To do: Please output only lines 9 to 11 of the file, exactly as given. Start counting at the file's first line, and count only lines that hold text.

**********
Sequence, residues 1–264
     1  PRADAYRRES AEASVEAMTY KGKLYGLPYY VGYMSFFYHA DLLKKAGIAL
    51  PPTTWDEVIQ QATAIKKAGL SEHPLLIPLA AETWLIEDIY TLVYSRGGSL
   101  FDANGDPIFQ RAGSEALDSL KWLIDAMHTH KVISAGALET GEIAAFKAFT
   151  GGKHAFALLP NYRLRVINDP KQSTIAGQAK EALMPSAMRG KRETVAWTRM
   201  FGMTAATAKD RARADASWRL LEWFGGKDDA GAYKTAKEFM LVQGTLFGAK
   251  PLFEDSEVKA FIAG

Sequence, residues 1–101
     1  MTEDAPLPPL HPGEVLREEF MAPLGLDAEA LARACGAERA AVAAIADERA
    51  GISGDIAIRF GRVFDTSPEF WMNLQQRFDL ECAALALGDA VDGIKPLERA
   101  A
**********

     1  MTEDAPLPPL HPGEVLREEF MAPLGLDAEA LARACGAERA AVAAIADERA
    51  GISGDIAIRF GRVFDTSPEF WMNLQQRFDL ECAALALGDA VDGIKPLERA
   101  A